How will you Partition a typical e-shop into Microservices Architecture

Carvia Tech | May 26, 2019 | 2 min read | 108 views


A service must be small enough to be developed by a small team and to be easily tested. A useful guideline from object-oriented design (OOD) is the Single Responsibility Principle (SRP). The SRP defines a responsibility of a class as a reason to change, and states that a class should only have one reason to change. It make sense to apply the SRP to service design as well and design services that are cohesive and implement a small set of strongly related functions.

Driving Force for Microservices

  1. The architecture must be stable

  2. Services must be cohesive. A service should implement a small set of strongly related functions.

  3. Services must conform to the Common Closure Principle - things that change together should be packaged together - to ensure that each change affect only one service

  4. Services must be loosely coupled - each service as an API that encapsulates its implementation. The implementation can be changed without affecting clients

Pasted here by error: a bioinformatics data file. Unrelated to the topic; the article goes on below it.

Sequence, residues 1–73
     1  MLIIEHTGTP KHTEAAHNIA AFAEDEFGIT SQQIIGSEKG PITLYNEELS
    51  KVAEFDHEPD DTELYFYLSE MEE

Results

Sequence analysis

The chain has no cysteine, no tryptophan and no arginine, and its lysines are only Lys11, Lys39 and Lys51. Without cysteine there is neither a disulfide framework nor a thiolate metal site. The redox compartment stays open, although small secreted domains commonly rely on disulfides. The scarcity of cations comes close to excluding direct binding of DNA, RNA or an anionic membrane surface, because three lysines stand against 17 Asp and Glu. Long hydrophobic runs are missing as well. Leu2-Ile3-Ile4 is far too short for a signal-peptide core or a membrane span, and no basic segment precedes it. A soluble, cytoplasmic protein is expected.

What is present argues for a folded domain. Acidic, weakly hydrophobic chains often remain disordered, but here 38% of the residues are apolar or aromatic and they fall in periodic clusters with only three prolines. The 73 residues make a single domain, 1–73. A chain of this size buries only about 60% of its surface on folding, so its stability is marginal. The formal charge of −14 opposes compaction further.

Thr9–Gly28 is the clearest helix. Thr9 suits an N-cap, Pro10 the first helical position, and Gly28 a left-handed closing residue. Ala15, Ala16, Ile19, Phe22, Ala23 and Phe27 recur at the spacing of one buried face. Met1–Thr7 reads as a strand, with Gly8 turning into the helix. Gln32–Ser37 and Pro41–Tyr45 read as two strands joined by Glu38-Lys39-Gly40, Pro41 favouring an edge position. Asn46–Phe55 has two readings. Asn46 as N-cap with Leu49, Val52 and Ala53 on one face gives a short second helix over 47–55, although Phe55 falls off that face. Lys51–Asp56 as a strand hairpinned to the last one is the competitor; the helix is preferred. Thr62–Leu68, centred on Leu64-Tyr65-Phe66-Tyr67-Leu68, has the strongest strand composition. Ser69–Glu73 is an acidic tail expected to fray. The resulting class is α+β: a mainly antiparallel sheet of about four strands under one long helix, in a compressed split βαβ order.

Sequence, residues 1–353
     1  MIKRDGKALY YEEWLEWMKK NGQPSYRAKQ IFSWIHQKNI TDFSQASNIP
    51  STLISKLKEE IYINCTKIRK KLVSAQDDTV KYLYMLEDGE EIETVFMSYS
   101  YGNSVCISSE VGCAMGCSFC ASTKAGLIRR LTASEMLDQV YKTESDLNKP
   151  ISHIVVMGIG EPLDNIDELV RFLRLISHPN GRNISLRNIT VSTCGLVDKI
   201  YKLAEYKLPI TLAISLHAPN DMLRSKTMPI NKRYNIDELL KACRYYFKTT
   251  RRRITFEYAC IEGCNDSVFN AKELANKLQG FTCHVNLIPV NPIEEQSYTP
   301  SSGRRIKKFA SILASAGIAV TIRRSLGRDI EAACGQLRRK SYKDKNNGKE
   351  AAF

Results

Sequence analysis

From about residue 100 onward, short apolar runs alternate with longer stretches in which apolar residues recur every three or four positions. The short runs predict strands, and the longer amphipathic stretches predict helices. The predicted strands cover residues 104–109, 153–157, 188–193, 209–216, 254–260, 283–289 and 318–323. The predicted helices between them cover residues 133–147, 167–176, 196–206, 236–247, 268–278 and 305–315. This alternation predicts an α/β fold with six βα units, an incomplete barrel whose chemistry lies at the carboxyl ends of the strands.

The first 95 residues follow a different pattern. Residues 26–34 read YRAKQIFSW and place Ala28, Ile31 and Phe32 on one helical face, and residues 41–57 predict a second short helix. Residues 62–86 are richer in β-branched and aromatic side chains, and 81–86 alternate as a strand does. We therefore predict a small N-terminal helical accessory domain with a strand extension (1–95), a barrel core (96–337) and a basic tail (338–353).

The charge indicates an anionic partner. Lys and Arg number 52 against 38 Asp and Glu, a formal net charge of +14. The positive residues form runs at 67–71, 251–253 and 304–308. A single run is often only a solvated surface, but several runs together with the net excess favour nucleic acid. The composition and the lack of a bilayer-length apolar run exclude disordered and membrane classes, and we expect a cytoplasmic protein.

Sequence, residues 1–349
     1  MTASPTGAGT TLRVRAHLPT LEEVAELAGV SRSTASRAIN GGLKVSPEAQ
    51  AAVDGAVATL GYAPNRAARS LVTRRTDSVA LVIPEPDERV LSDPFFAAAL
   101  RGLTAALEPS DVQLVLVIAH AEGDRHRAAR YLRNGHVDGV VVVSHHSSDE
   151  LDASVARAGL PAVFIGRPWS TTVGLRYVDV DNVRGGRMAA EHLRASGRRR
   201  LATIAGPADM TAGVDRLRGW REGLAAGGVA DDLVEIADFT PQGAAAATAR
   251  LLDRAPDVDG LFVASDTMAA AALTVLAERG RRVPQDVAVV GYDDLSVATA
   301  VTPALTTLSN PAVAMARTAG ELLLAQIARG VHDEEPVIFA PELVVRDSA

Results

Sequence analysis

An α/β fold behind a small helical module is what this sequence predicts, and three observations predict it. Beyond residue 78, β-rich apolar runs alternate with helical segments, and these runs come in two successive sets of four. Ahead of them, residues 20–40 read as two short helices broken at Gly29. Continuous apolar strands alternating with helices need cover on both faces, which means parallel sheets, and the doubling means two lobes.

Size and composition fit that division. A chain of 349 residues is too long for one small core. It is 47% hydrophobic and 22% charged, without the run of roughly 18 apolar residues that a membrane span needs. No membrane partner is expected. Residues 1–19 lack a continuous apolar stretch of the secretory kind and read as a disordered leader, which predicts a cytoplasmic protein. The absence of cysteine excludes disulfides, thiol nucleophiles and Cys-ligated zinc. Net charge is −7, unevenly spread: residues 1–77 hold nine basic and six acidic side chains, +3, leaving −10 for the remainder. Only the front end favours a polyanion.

5. A service should be testable

  6. Each service be small enough to be developed by a “two pizza” team, i.e. a team of 6-10 people

  7. Each team that owns one or more services must be autonomous. A team must be able to develop and deploy their services with minimal collaboration with other teams.

A business capability is a concept from business architecture modeling. It is something that a business does in order to generate value. A business capability often corresponds to a business object, e.g.

All Microservices should be autonomous by Design, any changes in one microservice shall not impact another.

Partitioning by Business Capabilities

  1. Product catalog management

  2. Pricing Service

  3. Order Management

  4. Inventory Management

  5. Delivery Management

  6. Product Marketing Management

  7. Product Review Service

microservices architecture

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